There could be a gold rush in the Scottish Highlands, with a National Nature Reserve at its centre.
Scotgold, the company behind the move, sounds the epitome of a Scottish setup, with a former mine manager from Comrie as its chief executive and a base in Perth. That’s Perth, Western Australia, however.
The Ben Lui National Nature Reserve at Cononish
Scotgold Resources raised A$4.9m (£2.2m) in November last year, with the intention of prospecting for gold at the disused Cononish mine, near Tyndrum, in the shadow of Ben Lui. The company is talking up its prospects and says there is potential in the mine with the rise in the value of gold.
Scotgold non-executive chairman Shane Sadleir said that his company would now try to establish a gold mine at Cononish in Strath Fillan to become the only significant gold mining company in Scotland.
The area around Cononish, close to the West Highland Way, is a National Nature Reserve. The mine itself goes 1.2km into Ben Lui’s neighbouring mountain Ben Chuirn and has lain unused for many years. Initial exploration in the 1980s determined that it was not economic to mine the gold, the deposits of which are found in small quantities throughout the ancient Dalradian rock.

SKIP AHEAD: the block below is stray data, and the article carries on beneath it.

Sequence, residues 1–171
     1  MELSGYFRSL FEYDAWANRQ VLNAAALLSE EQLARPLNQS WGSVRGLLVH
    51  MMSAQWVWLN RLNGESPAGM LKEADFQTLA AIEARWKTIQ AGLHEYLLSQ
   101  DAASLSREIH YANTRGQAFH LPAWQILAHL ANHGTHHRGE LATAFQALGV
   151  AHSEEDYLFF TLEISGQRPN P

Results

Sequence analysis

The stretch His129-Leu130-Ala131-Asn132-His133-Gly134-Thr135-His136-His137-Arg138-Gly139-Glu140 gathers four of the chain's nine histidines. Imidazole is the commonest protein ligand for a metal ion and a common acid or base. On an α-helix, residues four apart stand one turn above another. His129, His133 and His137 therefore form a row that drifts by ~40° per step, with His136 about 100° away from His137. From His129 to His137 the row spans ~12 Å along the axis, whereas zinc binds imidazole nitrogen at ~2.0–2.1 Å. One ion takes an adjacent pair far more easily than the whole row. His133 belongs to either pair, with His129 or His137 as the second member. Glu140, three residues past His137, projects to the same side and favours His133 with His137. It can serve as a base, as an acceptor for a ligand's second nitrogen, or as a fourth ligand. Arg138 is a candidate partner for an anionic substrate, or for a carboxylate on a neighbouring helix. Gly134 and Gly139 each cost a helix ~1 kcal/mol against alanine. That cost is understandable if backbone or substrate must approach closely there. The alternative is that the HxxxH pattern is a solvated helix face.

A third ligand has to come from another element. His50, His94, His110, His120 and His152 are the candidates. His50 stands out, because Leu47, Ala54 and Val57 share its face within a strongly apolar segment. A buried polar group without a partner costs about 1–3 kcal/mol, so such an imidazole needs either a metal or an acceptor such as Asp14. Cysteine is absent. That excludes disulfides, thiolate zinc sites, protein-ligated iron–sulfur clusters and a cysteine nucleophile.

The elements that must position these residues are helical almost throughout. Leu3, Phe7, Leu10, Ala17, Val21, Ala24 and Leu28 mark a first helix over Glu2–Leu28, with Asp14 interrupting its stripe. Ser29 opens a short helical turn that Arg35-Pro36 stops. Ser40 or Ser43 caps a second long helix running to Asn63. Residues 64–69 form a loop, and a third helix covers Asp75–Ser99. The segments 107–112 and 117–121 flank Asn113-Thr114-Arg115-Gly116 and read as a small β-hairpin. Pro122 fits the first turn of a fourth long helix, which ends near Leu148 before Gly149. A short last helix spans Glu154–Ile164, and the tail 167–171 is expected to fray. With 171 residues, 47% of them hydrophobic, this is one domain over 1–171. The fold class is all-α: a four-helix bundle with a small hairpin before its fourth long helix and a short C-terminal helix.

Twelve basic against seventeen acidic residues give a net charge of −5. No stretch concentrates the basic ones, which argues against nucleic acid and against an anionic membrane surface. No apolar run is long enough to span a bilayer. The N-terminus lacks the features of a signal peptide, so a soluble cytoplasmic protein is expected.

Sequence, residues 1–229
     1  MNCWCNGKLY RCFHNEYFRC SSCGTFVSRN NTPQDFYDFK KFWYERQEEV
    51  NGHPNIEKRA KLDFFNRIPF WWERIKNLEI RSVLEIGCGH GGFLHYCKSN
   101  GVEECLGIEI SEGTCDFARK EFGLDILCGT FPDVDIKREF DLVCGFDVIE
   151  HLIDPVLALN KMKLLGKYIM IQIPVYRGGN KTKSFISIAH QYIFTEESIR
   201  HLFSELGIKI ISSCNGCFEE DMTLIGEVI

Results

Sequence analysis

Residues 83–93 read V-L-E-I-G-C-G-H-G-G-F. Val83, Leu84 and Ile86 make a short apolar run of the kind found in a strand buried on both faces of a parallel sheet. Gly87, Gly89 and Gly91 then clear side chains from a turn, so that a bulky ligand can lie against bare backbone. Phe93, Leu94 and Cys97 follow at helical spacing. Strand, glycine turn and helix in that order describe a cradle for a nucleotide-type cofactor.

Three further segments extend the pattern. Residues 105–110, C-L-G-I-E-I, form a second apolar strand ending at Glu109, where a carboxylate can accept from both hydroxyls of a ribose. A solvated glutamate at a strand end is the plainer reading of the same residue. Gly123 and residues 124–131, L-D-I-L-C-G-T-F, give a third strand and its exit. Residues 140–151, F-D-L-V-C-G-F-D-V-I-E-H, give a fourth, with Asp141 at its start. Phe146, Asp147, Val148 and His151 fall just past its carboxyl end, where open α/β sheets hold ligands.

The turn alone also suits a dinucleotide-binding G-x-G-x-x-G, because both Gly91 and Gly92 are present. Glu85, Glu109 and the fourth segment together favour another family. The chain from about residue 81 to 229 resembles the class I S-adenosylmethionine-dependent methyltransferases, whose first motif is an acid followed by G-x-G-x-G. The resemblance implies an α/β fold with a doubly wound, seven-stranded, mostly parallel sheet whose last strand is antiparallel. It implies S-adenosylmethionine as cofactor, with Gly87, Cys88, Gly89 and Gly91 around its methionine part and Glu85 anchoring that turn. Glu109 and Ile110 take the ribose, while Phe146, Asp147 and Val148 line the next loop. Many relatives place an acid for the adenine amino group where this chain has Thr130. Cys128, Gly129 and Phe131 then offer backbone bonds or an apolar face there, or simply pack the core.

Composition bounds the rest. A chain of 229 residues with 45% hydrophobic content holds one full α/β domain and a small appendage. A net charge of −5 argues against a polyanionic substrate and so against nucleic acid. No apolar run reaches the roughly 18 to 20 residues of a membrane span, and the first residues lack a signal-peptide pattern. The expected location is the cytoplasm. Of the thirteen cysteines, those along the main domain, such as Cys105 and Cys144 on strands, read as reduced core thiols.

A 2006 report for the planning committee of the Loch Lomond and the Trossachs National Park, in which Cononish lies, said of the mine: “The current visual condition of the site, due to the open mountainous of the surrounding countryside, presents a jarring and discordant feature.”
The mine was formerly owned by Fynegold, but no production ever took place.
Mr Sadleir said: “As a priority, Scotgold plans to undertake an assessment of the known gold and silver mineralisation at Cononish.
“Much of the hard work has already been done for us, with the previous owners carrying out exploration on the project over some 15 years, including diamond drilling and the construction of a 1.2km tunnel along the vein, culminating with planning approval for a small mining operation of 25,000 ounces of gold per annum in 1996. A downturn in the gold price shortly after saw the project placed in care and maintenance for the next 10 years.”
However, Fynegold’s stewardship of the site caused controversy, with the Crown Commissioners giving notice of the winding up of permission to mine gold and silver. The Commissioners have to approve all precious-metal mining in Britain.
In August 2006, planning officers for the national park also recommended refusal of a five-year extension to the permission on the grounds that Fynegold could not guarantee that production would start, nor that restoration of the site would take place after work finished.
The company’s chief executive Chris Sangster, a graduate of the Royal School of Mines in London lives at Comrie in and worked as general manager at Cononish for four years up to 1999.
Tyndrum residents have welcomed the plan, which could create up to 60 jobs.